The Neotropical Cormorant, Phalacrocorax brasilianus (Gmelin, 1789), occurs from Tierra del Fuego, Patagonia, Argentina to coastal Texas, USA, the northernmost extreme of its known geographical distribution (DEL HOYO et al. 1992, apud FEDYNICH et al. 1997). The resident populations of this bird have been the subject of helminthological studies in southern Chile by Torres et al. (1981, 1982, 1983, 2000) and in the coastal Texas, USA by FEDYNICH et al. (1997), who compared the helminth community structure and pattern in sympatric populations of double-crested and Neotropical cormorants.
VICENTE et al. (1995a) published valuable information about the nematodes of Brazilian birds, mostly based on specimens deposited in the "Coleção Helmintológica do Instituto Oswaldo Cruz (CHIOC)", from the early 1920's to the late 1960's. VICENTE et al. (1995b) listed the nematodes of Brazilian ciconiiform birds, establishing new records, and later, VICENTE et al. (1996), made a brief description of four specimens of C. spiculigerum (= C. rudolphii) collected from P. brasilianus and the "anhinga", Anhinga anhinga (Linnaeus, 1758), from the States of Mato Grosso do Sul and Rio de Janeiro, which were deposited in the CHIOC. The present study is the first to identify the species of Contracaecum from P. brasilianus in Lago Guaíba, Municipality of Guaíba, Rio Grande do Sul, southern Brazil.
Forty-seven Neotropical cormorants, P. brasilianus were collected from Lago Guaíba, Municipality of Guaíba, Rio Grande do Sul, from 1999 to 2003, in accordance with the permit numbers 232/1999 and 064/2002, from Instituto Brasileiro do Meio Ambiente e dos Recursos Renováveis (IBAMA). Cormorants were frozen at -10ºC, as soon as possible, after the catch. Necropsies were performed in the Laboratório de Helmintologia, Departamento de Zoologia, Universidade Federal do Rio Grande do Sul, Brazil. The nematodes were processed according to AMATO et al. (1991). Helminths were collected, counted, and cleaned in saline solution 0.85%. Later were fixed in AFA and preserved in 70°GL ethanol. For light microscopy (LM) some specimens were examined as temporary whole mounts in lactophenol (HUMASON 1972). For SEM, the nematodes with sectioned spicules were critical point dried, coated with carbon and gold, and examined with a Jeol (JSM-6060) scanning electron microscope. Measurements are in millimeters (mm) unless otherwise indicated, ranges are followed (between parentheses) by the mean ± the standard deviation values, and the number of specimens measured for a given character (when different than the total number of specimens measured). Morphological parameters follow HARTWICH (1964). Different developmental stages were identified according to HARTWICH (1964) and Huizinga (1966). The fourth larval stage (L4) and immature adults were identified according to TORRES et al. (2000). The nomenclature for the pattern of male caudal papillae follows FAGERHOLM (1988). Ecological terms such as prevalence, intensity of infection, and mean intensity of infection follow MARGOLIS et al. (1982). Voucher specimens were deposited (in ethanol 70ºGL) in the CHIOC, Rio de Janeiro, Rio de Janeiro, Brazil.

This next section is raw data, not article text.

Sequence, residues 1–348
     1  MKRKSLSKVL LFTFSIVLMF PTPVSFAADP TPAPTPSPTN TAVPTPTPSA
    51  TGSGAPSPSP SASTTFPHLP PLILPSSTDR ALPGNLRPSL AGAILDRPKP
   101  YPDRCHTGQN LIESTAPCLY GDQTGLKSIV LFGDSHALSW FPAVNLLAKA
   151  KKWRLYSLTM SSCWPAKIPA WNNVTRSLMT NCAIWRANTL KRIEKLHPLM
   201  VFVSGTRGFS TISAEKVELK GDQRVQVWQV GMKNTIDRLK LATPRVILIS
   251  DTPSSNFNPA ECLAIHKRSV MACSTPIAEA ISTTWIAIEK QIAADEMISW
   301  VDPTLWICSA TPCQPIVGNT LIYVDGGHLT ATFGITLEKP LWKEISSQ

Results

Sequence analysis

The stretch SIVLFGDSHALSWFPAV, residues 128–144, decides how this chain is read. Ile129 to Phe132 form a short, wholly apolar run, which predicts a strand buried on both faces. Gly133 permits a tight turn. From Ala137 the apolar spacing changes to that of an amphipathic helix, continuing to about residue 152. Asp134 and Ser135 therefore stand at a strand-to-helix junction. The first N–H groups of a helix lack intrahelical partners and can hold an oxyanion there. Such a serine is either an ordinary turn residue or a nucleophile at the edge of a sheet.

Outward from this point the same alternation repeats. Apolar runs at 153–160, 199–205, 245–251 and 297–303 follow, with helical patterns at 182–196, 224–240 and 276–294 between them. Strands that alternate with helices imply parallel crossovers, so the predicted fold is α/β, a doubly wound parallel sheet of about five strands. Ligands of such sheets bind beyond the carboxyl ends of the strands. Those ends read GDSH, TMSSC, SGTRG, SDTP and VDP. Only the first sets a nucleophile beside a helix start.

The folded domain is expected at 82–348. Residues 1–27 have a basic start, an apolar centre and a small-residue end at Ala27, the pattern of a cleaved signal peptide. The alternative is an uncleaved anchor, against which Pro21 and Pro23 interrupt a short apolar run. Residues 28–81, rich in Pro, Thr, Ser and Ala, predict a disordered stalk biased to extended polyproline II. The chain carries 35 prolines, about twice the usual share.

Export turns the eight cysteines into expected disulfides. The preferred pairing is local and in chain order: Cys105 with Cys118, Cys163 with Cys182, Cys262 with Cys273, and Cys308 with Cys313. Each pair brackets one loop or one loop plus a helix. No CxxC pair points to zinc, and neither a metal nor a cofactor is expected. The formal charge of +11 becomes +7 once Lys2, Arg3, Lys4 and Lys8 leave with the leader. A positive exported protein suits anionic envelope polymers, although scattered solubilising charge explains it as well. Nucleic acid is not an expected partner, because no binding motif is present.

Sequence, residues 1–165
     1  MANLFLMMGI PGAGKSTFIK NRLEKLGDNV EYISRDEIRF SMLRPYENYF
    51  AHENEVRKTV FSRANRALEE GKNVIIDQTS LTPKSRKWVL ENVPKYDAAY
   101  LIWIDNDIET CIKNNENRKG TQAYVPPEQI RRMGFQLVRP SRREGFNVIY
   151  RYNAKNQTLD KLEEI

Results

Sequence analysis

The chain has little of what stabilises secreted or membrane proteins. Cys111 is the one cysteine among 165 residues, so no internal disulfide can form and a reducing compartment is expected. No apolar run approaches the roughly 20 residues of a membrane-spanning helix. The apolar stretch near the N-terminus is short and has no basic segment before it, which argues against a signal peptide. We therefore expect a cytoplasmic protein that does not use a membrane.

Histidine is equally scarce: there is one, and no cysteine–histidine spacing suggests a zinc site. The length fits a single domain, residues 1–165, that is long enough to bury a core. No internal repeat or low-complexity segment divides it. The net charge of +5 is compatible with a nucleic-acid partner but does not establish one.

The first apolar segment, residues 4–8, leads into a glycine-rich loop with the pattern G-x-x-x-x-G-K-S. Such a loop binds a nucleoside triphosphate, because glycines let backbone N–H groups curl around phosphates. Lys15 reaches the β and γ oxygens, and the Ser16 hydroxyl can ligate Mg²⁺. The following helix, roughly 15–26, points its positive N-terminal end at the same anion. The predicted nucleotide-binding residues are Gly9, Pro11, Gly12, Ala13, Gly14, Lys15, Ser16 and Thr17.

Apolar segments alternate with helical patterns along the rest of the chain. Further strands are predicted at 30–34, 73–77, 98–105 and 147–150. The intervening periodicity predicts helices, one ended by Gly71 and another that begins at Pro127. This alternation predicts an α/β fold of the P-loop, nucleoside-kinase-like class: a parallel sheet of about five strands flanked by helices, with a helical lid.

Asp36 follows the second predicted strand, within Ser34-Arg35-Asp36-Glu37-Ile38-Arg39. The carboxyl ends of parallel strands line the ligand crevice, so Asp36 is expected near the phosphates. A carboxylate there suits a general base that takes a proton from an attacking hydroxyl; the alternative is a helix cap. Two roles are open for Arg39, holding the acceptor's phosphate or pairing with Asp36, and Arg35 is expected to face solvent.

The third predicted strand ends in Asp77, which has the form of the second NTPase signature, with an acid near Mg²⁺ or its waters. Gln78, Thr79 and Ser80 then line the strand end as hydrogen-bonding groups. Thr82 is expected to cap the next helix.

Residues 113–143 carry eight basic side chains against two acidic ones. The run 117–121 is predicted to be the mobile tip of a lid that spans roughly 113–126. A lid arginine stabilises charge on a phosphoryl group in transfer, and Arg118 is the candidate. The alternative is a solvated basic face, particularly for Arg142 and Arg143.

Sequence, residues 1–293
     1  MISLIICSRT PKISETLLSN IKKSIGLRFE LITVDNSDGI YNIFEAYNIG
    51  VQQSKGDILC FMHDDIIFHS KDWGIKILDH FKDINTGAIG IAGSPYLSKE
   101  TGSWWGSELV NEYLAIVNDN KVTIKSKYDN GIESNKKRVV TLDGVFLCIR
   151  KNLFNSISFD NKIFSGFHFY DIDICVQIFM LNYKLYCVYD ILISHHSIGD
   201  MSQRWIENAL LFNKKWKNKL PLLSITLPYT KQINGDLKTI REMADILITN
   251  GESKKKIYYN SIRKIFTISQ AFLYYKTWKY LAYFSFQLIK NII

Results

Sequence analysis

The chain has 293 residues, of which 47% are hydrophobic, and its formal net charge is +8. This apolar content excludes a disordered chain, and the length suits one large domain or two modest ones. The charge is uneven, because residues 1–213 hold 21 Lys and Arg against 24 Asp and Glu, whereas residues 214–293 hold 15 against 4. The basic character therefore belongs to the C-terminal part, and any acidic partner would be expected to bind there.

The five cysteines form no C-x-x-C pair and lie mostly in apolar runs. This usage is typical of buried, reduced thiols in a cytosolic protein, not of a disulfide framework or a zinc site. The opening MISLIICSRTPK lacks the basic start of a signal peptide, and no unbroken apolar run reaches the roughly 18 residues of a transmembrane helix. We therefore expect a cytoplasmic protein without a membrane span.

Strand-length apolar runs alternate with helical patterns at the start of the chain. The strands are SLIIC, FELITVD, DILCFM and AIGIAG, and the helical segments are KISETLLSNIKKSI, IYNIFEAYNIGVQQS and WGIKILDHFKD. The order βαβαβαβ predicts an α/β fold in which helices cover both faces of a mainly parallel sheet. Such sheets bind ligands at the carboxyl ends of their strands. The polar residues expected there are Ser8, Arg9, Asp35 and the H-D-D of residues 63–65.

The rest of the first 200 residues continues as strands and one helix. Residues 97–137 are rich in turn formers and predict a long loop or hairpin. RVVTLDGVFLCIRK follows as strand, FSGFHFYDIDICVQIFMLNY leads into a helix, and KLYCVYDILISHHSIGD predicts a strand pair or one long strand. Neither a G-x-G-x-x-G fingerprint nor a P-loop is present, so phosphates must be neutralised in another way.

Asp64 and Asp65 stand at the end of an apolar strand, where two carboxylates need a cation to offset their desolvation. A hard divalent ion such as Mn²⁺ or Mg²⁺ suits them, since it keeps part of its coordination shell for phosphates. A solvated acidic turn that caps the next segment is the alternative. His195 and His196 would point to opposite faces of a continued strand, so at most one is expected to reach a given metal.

Contracaecum rudolphii Hartwich, 1964
Description: based on 105 adult specimens (30 males and 30 females mounted in lactophenol and measured; five specimens mounted en face as well as four male tails mounted in lactophenol; and 46 specimens mounted on stubs for SEM).
General: nematodes of different ages and larval stages were found concentrated in the proventriculus/ventriculus (Fig. 1), forming ulcerated eosinophylic granulomas (Fig. 2) and feeding on blood. Three labia, usually hexagonal, without dentigerous ridges (Figs 3, 5 and 6); dorsal labium with 2 ovate papillae (Figs 5 and 6), each formed by the fusion of the two original papillae; 2 ventrolateral labia, each with 1 lateral, ovate papilla (Figs 3 and 5), also formed by the fusion of the two original papillae and 1 amphidial pore (Fig. 5 arrows) and two auriculae (Fig. 6 head arrows); interlabia well developed (Figs 3-5), with bifid distal ends (Fig. 7). Excretory pore opening bellow ventral interlabium. Esophagus with small, globular ventricle and a posterior ventricular appendix. Intestinal cecum directed anteriad.
Males (30 specimens): body 18-31 (25 ± 3.4) long, 306-598 µm (481 ± 7 µm) in maximum width. Muscular esophagus 2.4-3.8 (3.1 ± 0.5) long; intestinal cecum 2.1-2.9 (2.4 ± 0.3) long; ventricular appendix 0.8-1.2 (1.0 ± 0.1) long. Spicules similar, almost equal (Fig. 9); right spicule 4.5-7.5 (6.2 ± 0.9) long, left spicule 5.9-8.2 (7.1 ± 0.8) long; cloacal opening at 140-235 µm (205 ± 22 µm) from posterior end. Tail conic, with more than 30 pairs of proximal papillae, 1 or 2 pairs of ad-cloacal papillae (Fig. 8), 7 pairs of distal papillae, the first 2 pairs side by side; 2 ventrolateral and 2 dorso-lateral pairs (Fig. 8 arrows). Phasmidial pores on top of smaller papillae, between ventrolateral papillae (Fig. 8). Body length/body maximum width ratio 47.9-68.6:1 (52.9 ± 3.3); body length/esophagus length ratio 7.1-10.9:1 (8.1 ± 0.7); body length/caudal length ratio 91.3-145.5:1 (122.7 ± 14.6); esophagus length/intestinal cecum length ratio 0.9-1.6:1 (1.3 ± 0.1); esophagus length/ventricular appendix length ratio 2.8-3.6:1 (3.2 ± 0.2); body length/mean length of spicules ratio 3.1-5.4:1 (3.8 ± 0.4).